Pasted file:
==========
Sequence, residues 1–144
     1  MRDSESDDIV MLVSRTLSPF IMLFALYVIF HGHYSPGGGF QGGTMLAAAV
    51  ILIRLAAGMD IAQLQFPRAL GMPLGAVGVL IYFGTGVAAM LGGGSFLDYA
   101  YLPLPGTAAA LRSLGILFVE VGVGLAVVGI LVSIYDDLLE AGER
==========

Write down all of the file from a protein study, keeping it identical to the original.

Sequence, residues 1–144
     1  MRDSESDDIV MLVSRTLSPF IMLFALYVIF HGHYSPGGGF QGGTMLAAAV
    51  ILIRLAAGMD IAQLQFPRAL GMPLGAVGVL IYFGTGVAAM LGGGSFLDYA
   101  YLPLPGTAAA LRSLGILFVE VGVGLAVVGI LVSIYDDLLE AGER